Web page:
Sure, studying is great. But when you can’t decide between “D” and “C,” here are seven tips to help land an “A.” We all know that the best way to ace any exam is to study and attend class. But, there are also some tips and techniques that can help you succeed at a tricky multiple choice exam


  1. Read very carefully. Take the time to carefully read each
  2. question and answer choice. Use a highlighter to ensure you catch words in the question like “not” and “except” that could easily trip you up. Many students choose the answer that is the opposite of the correct response simply because they miss a word, misread the question, or forget what the question is actually asking.
  3. Come up with your own answer. Once you understand what the question is asking, think about what the right answer should say or contain. Use that ideal answer as a yardstick to measure the available choices. This can help you avoid falling into a trap.Look for common types of wrong answers
  4. Look for common types of wrong answers . It is hard to write a good multiple choice exam, so instructors often fall into patterns, particularly when formulating wrong-but-attractive choices. If you learn to recognize frequently used options, they will be easier to eliminate. Some common wrong answers include: reversals (for instance, the answer may feature an error in chronology, characterizing the first event as the second, or a detail that is the exact opposite of the truth), true but irrelevant (the information in the answer is true, but not relevant to the question posed), too extreme (the answer takes a fact that is true but exaggerates it to an extreme. For instance, it will insist that it is “always” true, when in reality it is only sometimes true), and getting one detail wrong (the answer is oh-so-perfect…except for one little detail that you will spend way too long obsessing about and rationalizing away).
  5. Eliminate answers in two rounds .The process of elimination is central to success on multiple choice exams. In general, you want to conduct your eliminations in two rounds. During the first round, eliminate anything that is flat out wrong: the answers that contain false information, that are irrelevant to the question, etc. In a perfect world, this would lead you to one correct answer. More often than not, this leaves you with two options, over which you are likely to agonize. This is where the second round of elimination comes in. Before you obsess over your remaining answer choices, re-read the question. Remind yourself what you are looking for in a correct response. Then, compare the remaining responses. If you cannot find a difference between them, then it is likely that neither is correct and you have eliminated the correct response earlier. Usually, you will be able to find a few differences among the remaining options. So, which answer corresponds most with the course material and the question posed?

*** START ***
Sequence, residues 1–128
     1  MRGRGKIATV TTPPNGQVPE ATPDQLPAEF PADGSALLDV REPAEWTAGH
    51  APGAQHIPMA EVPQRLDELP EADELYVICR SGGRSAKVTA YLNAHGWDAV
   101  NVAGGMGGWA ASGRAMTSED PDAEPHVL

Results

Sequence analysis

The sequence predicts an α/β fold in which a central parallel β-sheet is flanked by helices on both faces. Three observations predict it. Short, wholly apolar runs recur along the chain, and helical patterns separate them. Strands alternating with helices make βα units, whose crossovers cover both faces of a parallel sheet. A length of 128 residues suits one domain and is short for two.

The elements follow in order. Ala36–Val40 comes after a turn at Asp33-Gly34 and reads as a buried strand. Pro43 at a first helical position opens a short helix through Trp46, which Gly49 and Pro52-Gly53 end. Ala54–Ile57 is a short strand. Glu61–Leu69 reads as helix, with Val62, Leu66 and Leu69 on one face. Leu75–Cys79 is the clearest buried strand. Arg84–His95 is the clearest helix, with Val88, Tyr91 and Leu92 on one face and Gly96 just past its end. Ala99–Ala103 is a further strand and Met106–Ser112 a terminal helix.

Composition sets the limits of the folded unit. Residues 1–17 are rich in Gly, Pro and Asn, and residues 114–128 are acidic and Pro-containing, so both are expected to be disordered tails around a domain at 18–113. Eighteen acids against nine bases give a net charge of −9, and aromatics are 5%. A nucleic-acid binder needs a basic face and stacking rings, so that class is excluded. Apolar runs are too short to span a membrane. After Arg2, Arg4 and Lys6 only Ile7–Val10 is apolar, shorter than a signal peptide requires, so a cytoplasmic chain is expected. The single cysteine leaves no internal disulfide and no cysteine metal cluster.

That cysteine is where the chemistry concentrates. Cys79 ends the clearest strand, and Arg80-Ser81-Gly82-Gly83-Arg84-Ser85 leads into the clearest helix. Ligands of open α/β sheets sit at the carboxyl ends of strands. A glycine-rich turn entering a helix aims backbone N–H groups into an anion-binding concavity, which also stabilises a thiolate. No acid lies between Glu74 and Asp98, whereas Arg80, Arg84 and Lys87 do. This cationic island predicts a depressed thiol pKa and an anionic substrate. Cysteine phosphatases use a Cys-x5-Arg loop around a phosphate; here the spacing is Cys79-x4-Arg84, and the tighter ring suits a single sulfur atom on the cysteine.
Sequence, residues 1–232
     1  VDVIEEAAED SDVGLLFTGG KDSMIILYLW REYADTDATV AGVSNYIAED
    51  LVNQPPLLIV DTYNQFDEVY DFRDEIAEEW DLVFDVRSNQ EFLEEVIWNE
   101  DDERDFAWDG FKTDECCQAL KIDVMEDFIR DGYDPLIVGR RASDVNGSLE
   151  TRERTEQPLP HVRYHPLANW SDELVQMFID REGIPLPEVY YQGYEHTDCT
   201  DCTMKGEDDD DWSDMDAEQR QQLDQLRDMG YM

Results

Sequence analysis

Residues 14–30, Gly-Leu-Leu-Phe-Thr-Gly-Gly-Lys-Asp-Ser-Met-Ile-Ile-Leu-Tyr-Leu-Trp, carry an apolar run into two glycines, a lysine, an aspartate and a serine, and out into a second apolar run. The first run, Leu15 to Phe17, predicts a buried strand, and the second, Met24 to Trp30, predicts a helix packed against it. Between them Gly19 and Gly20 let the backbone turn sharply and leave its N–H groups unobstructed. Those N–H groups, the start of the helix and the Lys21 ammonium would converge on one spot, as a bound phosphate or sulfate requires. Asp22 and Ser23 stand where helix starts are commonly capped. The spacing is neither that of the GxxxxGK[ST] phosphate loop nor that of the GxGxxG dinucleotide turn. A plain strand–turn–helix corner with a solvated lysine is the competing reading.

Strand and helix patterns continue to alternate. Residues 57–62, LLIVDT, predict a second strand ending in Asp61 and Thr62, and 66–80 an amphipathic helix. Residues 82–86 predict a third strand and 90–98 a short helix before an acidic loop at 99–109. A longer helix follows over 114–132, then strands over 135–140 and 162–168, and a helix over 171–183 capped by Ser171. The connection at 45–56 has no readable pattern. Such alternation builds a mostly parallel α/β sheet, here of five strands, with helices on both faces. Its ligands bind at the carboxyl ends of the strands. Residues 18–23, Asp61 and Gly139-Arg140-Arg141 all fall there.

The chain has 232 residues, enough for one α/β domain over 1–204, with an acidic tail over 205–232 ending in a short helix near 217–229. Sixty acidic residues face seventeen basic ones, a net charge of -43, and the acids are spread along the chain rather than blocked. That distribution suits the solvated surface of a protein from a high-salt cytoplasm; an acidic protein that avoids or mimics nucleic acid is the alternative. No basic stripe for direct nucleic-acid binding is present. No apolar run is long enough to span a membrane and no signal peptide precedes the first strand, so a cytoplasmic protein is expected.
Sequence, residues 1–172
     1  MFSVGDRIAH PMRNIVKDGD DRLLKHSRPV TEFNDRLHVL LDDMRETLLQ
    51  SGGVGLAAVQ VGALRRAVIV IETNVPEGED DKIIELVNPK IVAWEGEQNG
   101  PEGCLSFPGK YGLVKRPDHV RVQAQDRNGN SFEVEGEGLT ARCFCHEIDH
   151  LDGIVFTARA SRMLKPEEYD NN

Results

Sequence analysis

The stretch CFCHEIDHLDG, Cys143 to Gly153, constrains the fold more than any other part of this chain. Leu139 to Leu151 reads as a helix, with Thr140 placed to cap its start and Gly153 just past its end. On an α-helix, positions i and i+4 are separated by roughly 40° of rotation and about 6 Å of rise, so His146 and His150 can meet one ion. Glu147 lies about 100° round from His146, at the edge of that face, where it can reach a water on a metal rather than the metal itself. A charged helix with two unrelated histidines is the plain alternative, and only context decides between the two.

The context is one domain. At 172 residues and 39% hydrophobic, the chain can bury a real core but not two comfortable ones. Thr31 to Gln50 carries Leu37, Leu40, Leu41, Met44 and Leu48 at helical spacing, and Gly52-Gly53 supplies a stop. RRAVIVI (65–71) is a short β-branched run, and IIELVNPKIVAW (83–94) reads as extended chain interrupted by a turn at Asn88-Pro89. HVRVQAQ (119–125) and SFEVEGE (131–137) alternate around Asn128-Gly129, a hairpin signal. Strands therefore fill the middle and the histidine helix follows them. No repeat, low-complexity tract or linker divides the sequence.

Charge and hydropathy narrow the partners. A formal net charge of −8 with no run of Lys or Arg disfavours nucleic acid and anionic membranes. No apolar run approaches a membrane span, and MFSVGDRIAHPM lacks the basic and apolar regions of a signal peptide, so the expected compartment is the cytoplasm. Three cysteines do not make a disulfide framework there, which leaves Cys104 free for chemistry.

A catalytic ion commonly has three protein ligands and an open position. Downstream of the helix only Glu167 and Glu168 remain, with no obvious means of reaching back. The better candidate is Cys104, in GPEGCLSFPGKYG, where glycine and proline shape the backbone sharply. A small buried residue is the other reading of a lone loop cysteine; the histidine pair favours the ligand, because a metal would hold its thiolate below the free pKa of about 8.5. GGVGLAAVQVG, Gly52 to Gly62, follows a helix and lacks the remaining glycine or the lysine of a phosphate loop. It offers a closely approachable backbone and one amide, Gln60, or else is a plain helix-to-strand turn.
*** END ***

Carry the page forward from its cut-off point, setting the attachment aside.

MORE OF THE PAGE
6. Do not obsess over your choices. Excessive vacillating between two answer choices is usually a waste of time. If you’re down to a couple of options, you have a 50% chance of choosing the right answer. Compare your remaining choices, isolate similarities and differences, and make a choice. Usually, multiple choice exams have lots of questions, and they are all worth the same amount. Don’t waste time obsessing over a hard question, when an easy question does just as much to raise your grade.
  7. Manage your time. Before the exam begins, look at how many questions there are in the booklet and divide your time into segments. Tell yourself: “I will have completed 50 questions by the x minute mark, 70 by the y minute mark, etc.” When those time markers arise, check to see how many questions you have completed. If you are behind, start to push yourself to make quicker decisions once you’ve narrowed your choices down to two. Do not check the time after every question! This is a waste of your time. However, you need to be cognizant of the clock in order to ensure you get to all of the questions. As mentioned, usually questions are weighted equally on these types of tests, so there is little benefit to completing hard questions rather than easy ones.
  8. Answer every question. If you have not completed all of the questions when there are only a couple of minutes left, pick a lucky letter and guess on all remaining questions. Depending on how many options there are for each question, you have a 20-25% of guessing correctly! And a guessed correct response is worth just as much as one that is based on careful reasoning, time management, and studying.




Next stop, Shiraz

Although travel warnings are still in effect and American tourists are only allowed to visit as part of organized groups, the Iranian tourism industry is flourishing and the country is rapidly becoming a popular destination on the world tourism map.

All this is happening thanks to massive encouragement by the Iranian government, which has extended the permitted stay for tourists from two weeks to three months, and is making it much easier for tourists from most countries to obtain entry visas